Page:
Quite often, clients will tell us that they have “full coverage” insurance. While that may be good, there is a problem.
“Full coverage” insurance is not the same as “uninsured motorist insurance” (UM).
Let’s discuss the differences between what is called “full coverage” and UMI, so you can better understand why it is important to have UM insurance.
What Does “Full Coverage” Mean?
Frankly, the answer to this question depends on who you ask. If you ask a personal injury attorney, he will generally tell you that “full coverage” refers to the bare minimum accident protection required by law.
In Florida, that means you must carry $10,000 of personal injury protection (PIP) and $10,000 of property damage liability (PDL).
For others, like most laymen and insurance companies, “full coverage” means an insurance policy that protects a driver from most losses caused by an accident. This could include the mandatory PIP and PDL minimums, plus some additional coverage such as collision.
But it does not mean that the policy includes uninsured or underinsured motorist coverage.
Which, in turn, means that you may not be covered for all of your losses that can occur in a car accident. If the other driver has no insurance at all, or does not have enough insurance coverage to pay for your losses, and you do not have UM insurance, you may not be able to recover fully for your losses. Depending on how devastating the accident is, this can be a significant financial burden.
Why Add an Uninsured or Underinsured Motorist Coverage Policy?
As noted above, a general insurance policy (“full coverage” policy) does not, in fact, completely cover your expenses if you are in a car accident.
In fact, what is considered to be “full coverage” provides the bare minimum coverage. If you are in a serious car accident (for example, if you are hit by a semi-truck) your physical injuries can be not just serious, but catastrophic. Given the costs of medical care, Florida’s minimum $10,000 PIP coverage does not go very far in such situations. Even if the other driver has insurance, the minimum coverage is not likely to be enough to cover your personal injury costs.
Plus, full coverage insurance policies contain exclusions that can severely limit what the insurance will pay for. For example, full coverage insurance does not pay for repairs to your car after an accident. It also does not pay to replace your car if it was stolen. And, full coverage may require you to give up certain legal rights, such as the right to sue the other driver, if you want to fully recover for your injuries.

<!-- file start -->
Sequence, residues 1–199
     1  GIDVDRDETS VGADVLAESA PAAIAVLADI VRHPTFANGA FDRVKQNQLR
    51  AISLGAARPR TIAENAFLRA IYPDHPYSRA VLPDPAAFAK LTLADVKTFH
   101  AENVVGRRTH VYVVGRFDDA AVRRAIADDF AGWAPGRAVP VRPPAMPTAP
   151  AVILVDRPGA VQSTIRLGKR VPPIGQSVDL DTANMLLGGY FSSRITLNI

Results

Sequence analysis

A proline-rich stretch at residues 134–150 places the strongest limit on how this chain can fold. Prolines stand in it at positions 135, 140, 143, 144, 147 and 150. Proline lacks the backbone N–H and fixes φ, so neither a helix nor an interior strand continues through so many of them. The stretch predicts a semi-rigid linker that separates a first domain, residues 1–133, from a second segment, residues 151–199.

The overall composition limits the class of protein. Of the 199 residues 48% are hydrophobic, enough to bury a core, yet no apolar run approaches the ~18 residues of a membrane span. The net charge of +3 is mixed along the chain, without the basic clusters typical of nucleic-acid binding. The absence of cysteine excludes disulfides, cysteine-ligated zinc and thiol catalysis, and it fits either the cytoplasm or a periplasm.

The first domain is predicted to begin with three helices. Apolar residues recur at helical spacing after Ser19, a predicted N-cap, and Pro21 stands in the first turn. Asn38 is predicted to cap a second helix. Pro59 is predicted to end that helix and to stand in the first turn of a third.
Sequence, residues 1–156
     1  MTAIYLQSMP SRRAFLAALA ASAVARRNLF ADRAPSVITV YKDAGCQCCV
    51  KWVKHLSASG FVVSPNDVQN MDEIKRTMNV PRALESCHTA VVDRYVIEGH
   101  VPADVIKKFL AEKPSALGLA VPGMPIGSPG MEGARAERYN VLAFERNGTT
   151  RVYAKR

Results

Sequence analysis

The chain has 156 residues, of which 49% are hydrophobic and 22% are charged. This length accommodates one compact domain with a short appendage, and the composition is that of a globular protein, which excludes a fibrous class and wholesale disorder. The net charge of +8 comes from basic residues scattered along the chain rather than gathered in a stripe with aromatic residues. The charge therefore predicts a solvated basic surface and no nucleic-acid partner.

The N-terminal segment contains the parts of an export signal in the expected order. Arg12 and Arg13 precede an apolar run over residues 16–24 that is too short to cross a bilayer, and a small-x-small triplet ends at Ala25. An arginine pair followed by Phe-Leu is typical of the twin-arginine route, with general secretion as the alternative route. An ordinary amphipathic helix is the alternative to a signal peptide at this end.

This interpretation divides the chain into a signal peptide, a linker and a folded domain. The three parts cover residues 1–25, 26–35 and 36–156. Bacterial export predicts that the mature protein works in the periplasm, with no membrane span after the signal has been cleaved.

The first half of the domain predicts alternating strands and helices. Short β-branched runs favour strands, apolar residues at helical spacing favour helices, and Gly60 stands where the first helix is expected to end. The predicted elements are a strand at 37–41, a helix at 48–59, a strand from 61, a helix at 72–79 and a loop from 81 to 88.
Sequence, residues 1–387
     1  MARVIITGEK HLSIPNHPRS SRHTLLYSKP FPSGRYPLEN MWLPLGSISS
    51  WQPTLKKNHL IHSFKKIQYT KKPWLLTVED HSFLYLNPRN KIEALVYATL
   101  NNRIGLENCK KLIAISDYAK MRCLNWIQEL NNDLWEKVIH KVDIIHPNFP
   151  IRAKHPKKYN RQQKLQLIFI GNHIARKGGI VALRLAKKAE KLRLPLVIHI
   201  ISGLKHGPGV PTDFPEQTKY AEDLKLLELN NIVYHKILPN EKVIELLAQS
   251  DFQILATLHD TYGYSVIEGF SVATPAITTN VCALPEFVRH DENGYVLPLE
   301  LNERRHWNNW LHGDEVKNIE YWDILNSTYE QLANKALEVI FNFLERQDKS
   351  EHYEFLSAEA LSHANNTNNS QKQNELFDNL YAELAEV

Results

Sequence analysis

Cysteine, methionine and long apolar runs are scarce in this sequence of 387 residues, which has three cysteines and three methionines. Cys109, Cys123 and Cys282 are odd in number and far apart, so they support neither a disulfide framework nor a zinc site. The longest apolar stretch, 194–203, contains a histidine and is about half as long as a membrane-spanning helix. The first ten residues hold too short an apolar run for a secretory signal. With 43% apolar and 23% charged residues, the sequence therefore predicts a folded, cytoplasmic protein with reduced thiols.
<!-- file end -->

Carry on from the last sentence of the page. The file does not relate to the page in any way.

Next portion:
.Also, if you have passengers in the car when you get into an accident, it is possible you could get sued by (one or more of ) your passengers if the other driver’s insurance isn’t enough to cover everyone’s costs.
Added to all the above is the fact that according to estimates from the Florida Department of Motor Vehicles, one in 7 drivers in Florida have no insurance at all. That adds up to millions of uninsured motorists. Millions more have only the bare minimum required by law. So, chances are that if you are in an accident in Florida, the other driver may be not insured or underinsured. All of which translates to you not being able to recover for your injuries and property damages.
For all these reasons, adding UM coverage is a good idea.
UM insurance pays you if the person at fault doesn’t have any —or enough—liability coverage. It can pay for such things as hit-and-run accidents, lost wages, sickness, bodily injury, medical expenses, and diseases arising from the accident.
By adding UM coverage to your car insurance, (especially at higher amounts) you can make sure your coverage truly is “full coverage.”
Uninsured motorist coverage isn’t as simple as it may at first appear. It can be complicated. Your personal injury lawyer can help you understand UM and what policy and policy limits may be best for you.
We are Here to Help.
John Fagan and his experienced team are dedicated to helping those who have been injured due to the negligence of another. Contact us now for your free consultation or simply call our firm at: 777-JOHN. We serve clients throughout Florida. Our main office is in Orange Park. We have consulting offices in Palatka, Middleburg, Keystone, Starke, Gainesville, and Ocala.